Until a few years ago, the title above might have seemed to belong only in the headlines of the tabloid press. However, as the genes mutated in birth defects and cancer have been identified, and the details of how these mutations disturb the regulation of biochemical pathways have been explained, a remarkable convergence in their underlying cellular mechanisms has been uncovered. This is well illustrated in a study by Vivek Shukla, Xavier Coumoul and colleagues1 on page 1145 of this issue. In a mouse model of Apert syndrome in which affected pups normally die within a few weeks with craniofacial malformations, injection of the pregnant mother with a specific signaling inhibitor enables the mutant offspring to survive and even reproduce. Thus, the huge investments into the design of new anticancer drugs might have collateral benefits in the treatment of rare congenital malformations.

....In conclusion, the work of Shukla et al.1 is likely to stimulate considerable further interest in the use of new drug treatments to reduce the complications associated with several pediatric syndromes. Obvious barriers to the successful implementation of such treatments include the prenatal onset of many of the more severe features of these syndromes, the difficulty of identifying them prenatally (especially as they often result from new mutations) and, as illustrated by the present work, the likely need for long-term treatment. But without the cancer connection, even the possibility of therapy for these rare birth defects would be beyond reach owing to the high costs of drug development, safety monitoring and efficacy testing.


Saturday, August 25, 2007

Impact of Aging Populations

The latest issue of Nature has an interesting "News and Views" piece by Frances Cairncross which addresses the impact of aging populations. Here are a few excerpts:

Ageing populations raise the spectre of crippling healthcare costs. Extra spending on medical research might bring healthier, happier older people who work (and pay taxes) for longer. Is that a good investment?

Many of the changes that will dominate the first half of the coming century are uncertain, but one is not: the global population will grow older. Already those aged 65 or over, who have rarely accounted for more than 2–3% of the populations of most countries, make up 15% of the rich world's inhabitants. The proportion is also rising in poor countries, as women in many nations have fewer children, and life expectancy rises, not just in infancy but in late middle-age and even in old age.

....This matters not only for those with greying hair, but also for governments. A consequence of falling fertility rates is that there will be fewer young people relative to the number of old people. One result is an upward creep in the average age of the labour force; another is a fall in the proportion of workers to non-working old folk. The upshot is fewer taxpayers, but also more people who are not contributing to the economy and are likely to draw increasingly on health services. If the books are to balance, people will need to work for longer. But will their health be good enough for them to do so? And if it is, will they be as productive as younger folk, or will an older workforce in industrialized countries lose its competive edge against industrializing countries that still have youthful employees?


Monday, August 13, 2007

Libertarianism and Rectification

*Originally posted April 2006*

This is my first post (of what I hope will be many) on libertarianism. I myself am not a libertarian but I really do enjoy debating with libertarians. I am fortunate to have had two excellent colleagues who are libertarians. Before coming to Waterloo I taught at Manchester University with Hillel Steiner (a left-libertarian). And here at Waterloo I have Jan Narveson (a right-libertarian) just down the hallway in the philosophy department. I have profited immensely from the many discussions and debates I have had with them over the years.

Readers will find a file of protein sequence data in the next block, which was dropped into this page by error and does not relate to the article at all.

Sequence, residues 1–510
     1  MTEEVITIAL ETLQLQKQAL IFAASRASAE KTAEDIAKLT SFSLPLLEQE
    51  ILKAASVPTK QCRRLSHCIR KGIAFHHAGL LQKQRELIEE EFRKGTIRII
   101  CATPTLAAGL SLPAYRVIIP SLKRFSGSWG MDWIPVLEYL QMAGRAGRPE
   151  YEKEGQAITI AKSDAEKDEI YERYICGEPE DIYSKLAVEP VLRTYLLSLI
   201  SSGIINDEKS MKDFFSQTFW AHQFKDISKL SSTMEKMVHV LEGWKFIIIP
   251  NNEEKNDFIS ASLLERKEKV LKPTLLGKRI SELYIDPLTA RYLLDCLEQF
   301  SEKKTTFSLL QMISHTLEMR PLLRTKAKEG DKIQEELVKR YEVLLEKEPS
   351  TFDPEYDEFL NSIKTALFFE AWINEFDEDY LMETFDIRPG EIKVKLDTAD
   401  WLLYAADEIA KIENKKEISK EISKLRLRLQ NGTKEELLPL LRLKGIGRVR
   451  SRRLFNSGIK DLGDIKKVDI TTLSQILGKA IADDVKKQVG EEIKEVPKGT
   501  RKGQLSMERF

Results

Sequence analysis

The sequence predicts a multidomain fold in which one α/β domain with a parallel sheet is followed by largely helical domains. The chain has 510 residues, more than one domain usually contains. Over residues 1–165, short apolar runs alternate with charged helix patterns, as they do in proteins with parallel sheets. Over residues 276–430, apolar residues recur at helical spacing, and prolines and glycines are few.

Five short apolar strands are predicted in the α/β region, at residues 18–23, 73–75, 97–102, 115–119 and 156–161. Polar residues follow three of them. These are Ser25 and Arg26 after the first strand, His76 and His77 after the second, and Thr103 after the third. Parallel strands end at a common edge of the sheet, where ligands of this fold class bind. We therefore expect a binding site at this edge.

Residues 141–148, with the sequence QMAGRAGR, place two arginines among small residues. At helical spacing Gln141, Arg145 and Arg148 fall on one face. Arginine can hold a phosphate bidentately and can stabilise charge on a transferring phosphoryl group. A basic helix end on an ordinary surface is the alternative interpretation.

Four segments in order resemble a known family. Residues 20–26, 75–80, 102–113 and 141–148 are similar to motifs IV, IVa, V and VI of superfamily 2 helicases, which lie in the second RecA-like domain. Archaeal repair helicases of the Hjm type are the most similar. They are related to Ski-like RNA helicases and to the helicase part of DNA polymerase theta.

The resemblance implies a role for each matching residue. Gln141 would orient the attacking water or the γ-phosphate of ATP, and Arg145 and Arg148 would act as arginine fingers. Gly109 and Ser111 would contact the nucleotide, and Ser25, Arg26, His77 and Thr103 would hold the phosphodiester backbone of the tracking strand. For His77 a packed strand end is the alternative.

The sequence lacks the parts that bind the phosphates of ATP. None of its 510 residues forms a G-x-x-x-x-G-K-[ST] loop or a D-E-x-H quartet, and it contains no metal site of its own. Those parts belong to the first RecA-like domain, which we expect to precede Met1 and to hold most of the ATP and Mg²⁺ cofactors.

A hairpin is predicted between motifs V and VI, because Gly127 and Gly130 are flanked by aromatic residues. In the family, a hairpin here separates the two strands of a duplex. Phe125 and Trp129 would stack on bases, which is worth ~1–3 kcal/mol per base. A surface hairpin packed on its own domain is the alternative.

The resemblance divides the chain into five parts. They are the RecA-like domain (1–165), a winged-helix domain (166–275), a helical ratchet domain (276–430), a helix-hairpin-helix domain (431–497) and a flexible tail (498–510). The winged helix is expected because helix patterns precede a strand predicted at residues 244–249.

By seriously entertaining the arguments of my theoretical opponents I open my mind to new considerations that I would have failed to seriously entertain if I only discussed issues of justice with like-minded scholars (NOTE: such openness also guards against “group polarization”, a topic I will blog about at a future time). Furthermore, as a professor one is constantly exposed to diverse viewpoints in the classroom (from the left, right and everything in-between!) and I have never viewed the classroom as a venue for me to “indoctrinate” students with my own viewpoints. In fact, my classroom experiences actually play a formative role in my own intellectual development. So I try to create an atmosphere of openness and invite students to engage in civil debate with me as well as their peers. I find this helps me fine-tune my own moral and political sensibilities.

I would like to briefly outline one line of argument I have been recently developing against libertarianism. The thrust of this criticism stems from a larger beef I have with theories of justice that function at the level of “ideal theory” but I won’t get into that (at least not yet! :)). There are of course many variants of libertarianism, each of which is subject to different kinds of concerns and objections. Here I wish to raise a challenge for libertarians of a particular ilk- those who support Robert Nozick’s “entitlement theory of justice". This account of justice maintains that “whatever arises from a just situation by just steps is itself just (Nozick, 1974: 151). An important (though much neglected) component of Nozick’s theory is the principle of rectification. To make a long story short, the principle of rectification maintains that victims of injustice are sufficiently compensated if they are no worse off (having received compensation) than they would have been had the injustice not taken place (what Gregory Kavka (1982) calls the No Net Harm Criterion). If one takes the principle of rectification seriously (as good libertarians ought to!), then I believe this will lead libertarians to endorse conclusions that will not sit well with them.

It is useful to begin by distinguishing between intragenerational rectification and intergenerational rectification. The former refers to compensation for victims who are alive to collect rectification awards while the latter encompasses all injustices and, in theory, ensures that the present distribution of entitlements be that which would have obtained had only the principles in acquisition and justice in transfer been observed throughout history (Robert Litan, 1977: 234). Both types of rectification pose formidable challenges to libertarians.